Analysis of Grant Benefits

While there has been a substantial increase in the amount appropriated for the DCTAG program from its inception (see Table 2), there has been no change to the maximum award size in response to the trend of rising postsecondary education costs, which may be leaving many program participants paying more per year for their education than in previous years or possibly limiting their choices of which institution to attend. The extent to which DCTAG awards may be covering a declining amount of the differential between in-state and out-of-state tuition is a commonly raised concern about the DCTAG program. This section of the report examines the extent to which the maximum award may be bridging the gap between in-state and out-of-state tuition. It also examines growth in maximum awards as a share of all awards.

Public Institutions of Higher Education

Most DCTAG recipients choose to attend a public IHE,38 for which they can receive up to $10,000 per year towards the difference between in- and out-of-state tuition. Even though the number of DCTAG recipients on the whole has remained relatively stable, there has been a noticeable increase in the number of $10,000 awards disbursed each year since 2004,39 as shown in Table 6. The nationwide increase in tuition and fees may be contributing to this upturn in maximum awards received,40 although there may be other factors that impact this, such as students' choices to attend four-year IHEs rather than two-year IHEs.

Table 6. DCTAG Enrollment and Number of $10,000 Awards, by Academic Year

 

2004-2005

2005-2006

2006-2007

2007-2008

2008-2009

2009-2010

2010-2011

2011-2012

DCTAG Enrollment

4,759

4,631

4,452

4,580

4,686

5,070

5,103

5,253

Number of $10,000 awards

922

1,059

1,010

1,223

1,384

1,508

1,518

1,521

Percentage of participants receiving $10,000 awards

19.4%

22.9%

22.7%

26.7%

29.5%

29.7%

29.7%

28.9%

Source: Compiled using data from OSSE, DCTAG Accomplishments 2013, pp. 3 and 13 and data provided by OSSE, December 20, 2013.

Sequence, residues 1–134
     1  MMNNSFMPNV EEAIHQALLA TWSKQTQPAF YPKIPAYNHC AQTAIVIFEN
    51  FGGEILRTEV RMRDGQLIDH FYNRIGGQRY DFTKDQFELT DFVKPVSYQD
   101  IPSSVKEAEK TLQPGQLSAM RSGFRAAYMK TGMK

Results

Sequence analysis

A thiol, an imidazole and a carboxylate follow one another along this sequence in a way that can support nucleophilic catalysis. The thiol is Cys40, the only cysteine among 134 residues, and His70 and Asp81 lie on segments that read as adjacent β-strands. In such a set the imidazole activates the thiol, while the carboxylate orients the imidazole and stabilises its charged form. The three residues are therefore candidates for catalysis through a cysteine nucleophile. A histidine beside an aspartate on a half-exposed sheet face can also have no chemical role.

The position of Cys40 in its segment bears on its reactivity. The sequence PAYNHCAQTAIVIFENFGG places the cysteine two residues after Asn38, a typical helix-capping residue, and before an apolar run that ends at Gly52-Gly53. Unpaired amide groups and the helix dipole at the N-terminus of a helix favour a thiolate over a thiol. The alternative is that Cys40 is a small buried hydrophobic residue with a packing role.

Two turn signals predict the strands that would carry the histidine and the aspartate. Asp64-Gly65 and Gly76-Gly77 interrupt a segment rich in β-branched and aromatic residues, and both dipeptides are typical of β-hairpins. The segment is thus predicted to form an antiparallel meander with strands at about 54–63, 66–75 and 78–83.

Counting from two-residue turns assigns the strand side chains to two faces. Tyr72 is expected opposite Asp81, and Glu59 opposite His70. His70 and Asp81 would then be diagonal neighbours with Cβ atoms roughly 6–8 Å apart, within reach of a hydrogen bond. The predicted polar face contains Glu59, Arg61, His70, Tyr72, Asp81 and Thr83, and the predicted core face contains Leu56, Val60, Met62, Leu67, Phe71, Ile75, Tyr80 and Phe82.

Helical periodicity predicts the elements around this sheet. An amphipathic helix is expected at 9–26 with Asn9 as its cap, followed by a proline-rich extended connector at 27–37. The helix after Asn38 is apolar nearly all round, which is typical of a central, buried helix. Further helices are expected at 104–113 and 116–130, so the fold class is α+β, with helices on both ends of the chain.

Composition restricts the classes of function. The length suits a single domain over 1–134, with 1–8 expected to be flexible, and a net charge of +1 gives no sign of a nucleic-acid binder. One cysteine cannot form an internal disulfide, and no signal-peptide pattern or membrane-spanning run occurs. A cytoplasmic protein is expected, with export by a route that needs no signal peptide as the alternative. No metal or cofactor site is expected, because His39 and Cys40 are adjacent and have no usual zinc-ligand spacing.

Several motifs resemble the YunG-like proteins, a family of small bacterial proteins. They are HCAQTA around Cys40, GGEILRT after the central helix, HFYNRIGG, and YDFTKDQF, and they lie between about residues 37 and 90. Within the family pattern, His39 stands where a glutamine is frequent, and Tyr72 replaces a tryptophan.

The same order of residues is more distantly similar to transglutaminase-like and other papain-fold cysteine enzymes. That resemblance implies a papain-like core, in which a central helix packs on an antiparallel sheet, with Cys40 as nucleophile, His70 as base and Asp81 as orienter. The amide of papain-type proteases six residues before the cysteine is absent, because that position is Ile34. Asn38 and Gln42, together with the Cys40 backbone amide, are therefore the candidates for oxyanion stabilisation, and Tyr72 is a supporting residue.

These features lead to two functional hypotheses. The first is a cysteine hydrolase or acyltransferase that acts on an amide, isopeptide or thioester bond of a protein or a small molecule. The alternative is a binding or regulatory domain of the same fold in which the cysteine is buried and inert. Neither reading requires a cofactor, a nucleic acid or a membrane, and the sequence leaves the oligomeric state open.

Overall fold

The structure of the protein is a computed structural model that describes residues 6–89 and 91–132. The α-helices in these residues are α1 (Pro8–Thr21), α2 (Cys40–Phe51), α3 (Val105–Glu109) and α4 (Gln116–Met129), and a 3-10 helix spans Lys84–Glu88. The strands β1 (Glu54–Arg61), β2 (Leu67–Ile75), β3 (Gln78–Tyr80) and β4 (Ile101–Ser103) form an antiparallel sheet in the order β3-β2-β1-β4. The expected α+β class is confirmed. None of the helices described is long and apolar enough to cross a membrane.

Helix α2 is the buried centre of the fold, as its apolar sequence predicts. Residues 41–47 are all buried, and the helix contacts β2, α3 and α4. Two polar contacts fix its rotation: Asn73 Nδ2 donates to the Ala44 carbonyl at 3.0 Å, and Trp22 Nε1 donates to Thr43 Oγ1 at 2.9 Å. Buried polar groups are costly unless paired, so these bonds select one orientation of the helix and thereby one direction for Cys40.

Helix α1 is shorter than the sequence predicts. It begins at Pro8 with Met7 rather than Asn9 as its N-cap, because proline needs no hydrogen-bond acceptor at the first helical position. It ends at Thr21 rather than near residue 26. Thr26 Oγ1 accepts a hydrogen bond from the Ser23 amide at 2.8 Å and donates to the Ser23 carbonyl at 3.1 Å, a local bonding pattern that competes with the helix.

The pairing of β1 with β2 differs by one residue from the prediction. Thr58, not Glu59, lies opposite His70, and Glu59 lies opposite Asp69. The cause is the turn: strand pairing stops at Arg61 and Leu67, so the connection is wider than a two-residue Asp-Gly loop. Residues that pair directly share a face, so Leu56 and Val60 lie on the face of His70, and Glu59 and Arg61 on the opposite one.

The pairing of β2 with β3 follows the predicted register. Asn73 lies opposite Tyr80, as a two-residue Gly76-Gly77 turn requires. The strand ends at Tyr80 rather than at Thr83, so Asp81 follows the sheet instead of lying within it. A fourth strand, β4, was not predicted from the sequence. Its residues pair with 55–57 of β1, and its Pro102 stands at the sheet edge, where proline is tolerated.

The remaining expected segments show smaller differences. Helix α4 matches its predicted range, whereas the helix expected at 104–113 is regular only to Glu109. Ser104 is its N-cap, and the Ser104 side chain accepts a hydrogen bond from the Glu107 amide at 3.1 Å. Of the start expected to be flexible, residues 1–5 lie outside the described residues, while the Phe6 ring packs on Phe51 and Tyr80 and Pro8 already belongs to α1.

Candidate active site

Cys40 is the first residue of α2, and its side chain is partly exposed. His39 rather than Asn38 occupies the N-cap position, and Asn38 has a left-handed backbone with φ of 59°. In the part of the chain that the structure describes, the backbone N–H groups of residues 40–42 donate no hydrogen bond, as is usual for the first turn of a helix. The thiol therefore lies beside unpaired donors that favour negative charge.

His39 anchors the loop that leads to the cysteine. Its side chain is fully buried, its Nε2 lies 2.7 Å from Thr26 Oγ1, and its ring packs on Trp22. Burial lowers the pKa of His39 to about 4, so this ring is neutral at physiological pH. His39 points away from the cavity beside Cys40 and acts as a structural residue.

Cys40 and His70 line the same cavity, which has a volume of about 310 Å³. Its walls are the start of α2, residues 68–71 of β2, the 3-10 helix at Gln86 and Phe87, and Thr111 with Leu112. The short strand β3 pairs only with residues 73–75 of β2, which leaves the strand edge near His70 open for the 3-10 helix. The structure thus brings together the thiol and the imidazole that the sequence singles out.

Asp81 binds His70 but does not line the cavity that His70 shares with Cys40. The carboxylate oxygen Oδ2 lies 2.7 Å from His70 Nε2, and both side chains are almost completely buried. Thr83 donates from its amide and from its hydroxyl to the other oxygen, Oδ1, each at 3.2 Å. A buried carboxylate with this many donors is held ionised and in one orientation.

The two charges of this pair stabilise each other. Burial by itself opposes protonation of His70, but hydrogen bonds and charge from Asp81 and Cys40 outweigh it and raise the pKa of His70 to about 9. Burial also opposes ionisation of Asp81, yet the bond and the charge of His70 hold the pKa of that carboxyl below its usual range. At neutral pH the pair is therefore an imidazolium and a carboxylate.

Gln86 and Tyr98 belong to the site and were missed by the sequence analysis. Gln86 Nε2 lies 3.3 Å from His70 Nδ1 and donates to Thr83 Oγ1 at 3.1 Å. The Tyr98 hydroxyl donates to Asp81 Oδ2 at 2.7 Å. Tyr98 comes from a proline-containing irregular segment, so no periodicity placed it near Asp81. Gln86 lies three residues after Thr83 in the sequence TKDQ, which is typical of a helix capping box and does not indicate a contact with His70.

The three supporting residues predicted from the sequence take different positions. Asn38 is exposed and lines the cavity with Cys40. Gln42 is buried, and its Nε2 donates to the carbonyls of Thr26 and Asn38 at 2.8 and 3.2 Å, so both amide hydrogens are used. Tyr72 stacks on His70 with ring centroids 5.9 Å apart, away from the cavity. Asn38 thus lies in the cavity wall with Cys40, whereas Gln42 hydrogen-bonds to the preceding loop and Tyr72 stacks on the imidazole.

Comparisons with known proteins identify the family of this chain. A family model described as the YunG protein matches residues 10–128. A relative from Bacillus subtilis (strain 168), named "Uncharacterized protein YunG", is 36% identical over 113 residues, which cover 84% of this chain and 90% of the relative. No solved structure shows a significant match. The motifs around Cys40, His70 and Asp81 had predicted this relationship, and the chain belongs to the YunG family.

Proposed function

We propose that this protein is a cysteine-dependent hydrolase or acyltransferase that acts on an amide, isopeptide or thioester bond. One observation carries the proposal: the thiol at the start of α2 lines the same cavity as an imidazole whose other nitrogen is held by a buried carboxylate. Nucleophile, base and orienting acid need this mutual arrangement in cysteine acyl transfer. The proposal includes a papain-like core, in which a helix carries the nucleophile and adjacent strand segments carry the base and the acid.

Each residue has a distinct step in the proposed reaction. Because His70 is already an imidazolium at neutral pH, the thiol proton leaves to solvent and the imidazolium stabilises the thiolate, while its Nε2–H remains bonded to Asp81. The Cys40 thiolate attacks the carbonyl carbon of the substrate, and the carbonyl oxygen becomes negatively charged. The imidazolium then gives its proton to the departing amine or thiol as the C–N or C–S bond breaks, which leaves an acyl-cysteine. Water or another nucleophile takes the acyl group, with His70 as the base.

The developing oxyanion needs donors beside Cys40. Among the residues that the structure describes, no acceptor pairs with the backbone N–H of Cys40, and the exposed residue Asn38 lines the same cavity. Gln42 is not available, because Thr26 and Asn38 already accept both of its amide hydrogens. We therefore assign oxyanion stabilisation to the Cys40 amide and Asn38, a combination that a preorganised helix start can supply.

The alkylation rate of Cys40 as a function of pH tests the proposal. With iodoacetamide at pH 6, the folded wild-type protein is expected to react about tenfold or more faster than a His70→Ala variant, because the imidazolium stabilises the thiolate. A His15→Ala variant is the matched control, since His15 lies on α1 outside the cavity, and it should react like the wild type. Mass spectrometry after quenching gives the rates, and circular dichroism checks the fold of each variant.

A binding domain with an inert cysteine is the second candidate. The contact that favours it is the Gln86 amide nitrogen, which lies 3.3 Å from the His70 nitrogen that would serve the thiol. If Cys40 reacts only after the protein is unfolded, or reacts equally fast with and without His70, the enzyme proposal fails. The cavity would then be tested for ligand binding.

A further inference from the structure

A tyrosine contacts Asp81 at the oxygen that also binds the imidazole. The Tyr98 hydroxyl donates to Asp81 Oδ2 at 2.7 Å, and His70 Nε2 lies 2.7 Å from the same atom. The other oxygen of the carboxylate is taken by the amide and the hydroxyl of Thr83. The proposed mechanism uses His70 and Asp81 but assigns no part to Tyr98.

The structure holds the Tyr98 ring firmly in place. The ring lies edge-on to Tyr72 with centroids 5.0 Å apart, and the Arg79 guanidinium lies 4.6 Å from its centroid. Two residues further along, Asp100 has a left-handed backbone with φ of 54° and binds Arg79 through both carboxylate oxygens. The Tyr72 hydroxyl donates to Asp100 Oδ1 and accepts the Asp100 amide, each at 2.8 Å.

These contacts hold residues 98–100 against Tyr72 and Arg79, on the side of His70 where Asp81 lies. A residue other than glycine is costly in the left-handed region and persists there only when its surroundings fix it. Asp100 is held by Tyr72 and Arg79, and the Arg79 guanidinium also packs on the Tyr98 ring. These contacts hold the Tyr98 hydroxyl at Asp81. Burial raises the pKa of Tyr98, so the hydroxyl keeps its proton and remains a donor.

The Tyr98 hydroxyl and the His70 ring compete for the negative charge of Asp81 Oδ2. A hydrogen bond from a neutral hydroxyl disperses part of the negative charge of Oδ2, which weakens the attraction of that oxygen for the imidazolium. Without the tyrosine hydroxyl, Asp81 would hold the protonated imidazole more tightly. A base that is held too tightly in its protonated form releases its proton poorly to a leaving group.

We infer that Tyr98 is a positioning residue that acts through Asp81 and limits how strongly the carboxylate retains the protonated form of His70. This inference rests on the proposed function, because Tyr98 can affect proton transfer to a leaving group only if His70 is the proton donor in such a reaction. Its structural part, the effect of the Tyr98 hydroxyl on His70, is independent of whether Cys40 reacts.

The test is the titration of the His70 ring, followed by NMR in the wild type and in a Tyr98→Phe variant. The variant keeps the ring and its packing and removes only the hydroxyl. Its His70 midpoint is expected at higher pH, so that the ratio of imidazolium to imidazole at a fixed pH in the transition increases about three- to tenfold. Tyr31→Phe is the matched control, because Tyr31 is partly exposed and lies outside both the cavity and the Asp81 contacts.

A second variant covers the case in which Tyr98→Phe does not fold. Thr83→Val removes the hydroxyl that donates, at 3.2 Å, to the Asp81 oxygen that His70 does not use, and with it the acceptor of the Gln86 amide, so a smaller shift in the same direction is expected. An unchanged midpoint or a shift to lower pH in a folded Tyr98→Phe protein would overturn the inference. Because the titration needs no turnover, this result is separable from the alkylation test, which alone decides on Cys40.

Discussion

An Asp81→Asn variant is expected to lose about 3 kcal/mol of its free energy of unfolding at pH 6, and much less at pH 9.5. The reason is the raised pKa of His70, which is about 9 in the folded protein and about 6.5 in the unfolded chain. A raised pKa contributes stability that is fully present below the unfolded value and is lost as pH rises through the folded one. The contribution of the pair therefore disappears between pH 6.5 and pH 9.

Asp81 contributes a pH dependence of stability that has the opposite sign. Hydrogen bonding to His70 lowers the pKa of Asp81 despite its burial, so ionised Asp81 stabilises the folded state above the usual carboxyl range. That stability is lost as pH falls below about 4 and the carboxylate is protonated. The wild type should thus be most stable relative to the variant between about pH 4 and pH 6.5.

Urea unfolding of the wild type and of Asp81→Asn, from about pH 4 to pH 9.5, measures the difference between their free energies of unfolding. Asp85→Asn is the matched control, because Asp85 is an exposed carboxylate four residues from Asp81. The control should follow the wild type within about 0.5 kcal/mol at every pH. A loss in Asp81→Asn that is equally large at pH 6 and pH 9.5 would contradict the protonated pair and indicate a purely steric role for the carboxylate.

In AY2011-2012, 66% of those DCTAG recipients who received the maximum annual DCTAG award of $10,000 enrolled at public four-year IHEs in Delaware, Maryland, North Carolina, Pennsylvania, and Virginia (regional IHEs). Moreover, most of those students enrolled in a small number of those regional IHEs. For instance, Figure 2 shows that of the 978 students who received the maximum $10,000 DCTAG award and attended a regional IHE in AY2011-2012, 528 (54%) attended one of six schools: Pennsylvania State University, University Park; Bowie State University; George Mason University; Norfolk State University; the University of Maryland, College Park; and Virginia Commonwealth University; the other 450 (46%) students who received the maximum award attended 53 other regional IHEs.41

Figure 2. AY2011-2012 Number of Maximum DCTAG Awards at Public Four-Year IHEs, by Location

Source: Compiled using data provided by the OSSE, December 20, 2013.

The average in- and out-of-state tuition differential for these six most-attended regional IHEs was $14,092; therefore, on average, a DCTAG recipient who attended one of these schools and who received the maximum annual award would still face a gap of an average of $4,092 in out-of-state tuition.42

To meet the program's stated purpose of providing access to a greater range of postsecondary educational options, Congress could consider increasing the maximum annual DCTAG award to account for the in- and out-of-state tuition differential at popular regional public IHEs at which many DCTAG recipients are receiving the maximum annual award, currently, a differential of approximately $14,100 per year. Such a decision would likely be weighed in relation to competing demands for resources. Alternatively, Congress could consider better matching individual students' financial need to DCTAG funds awarded through means testing or by lowering the current $1 million income cap for participation.

Private Nonprofit Schools and Private HBCUs

Tuition and fees at private not-for-profit four-year IHEs also have grown considerably since DCTAG was created, but the maximum annual award—$2,500—has not increased. Table 7 shows that, since AY2004-2005, the median tuition and fees43 for such institutions in the District of Columbia has increased by 42.5%,44 while the percentage of DCTAG recipients enrolled in DC area private not-for-profit four-year IHEs in each year has decreased slightly.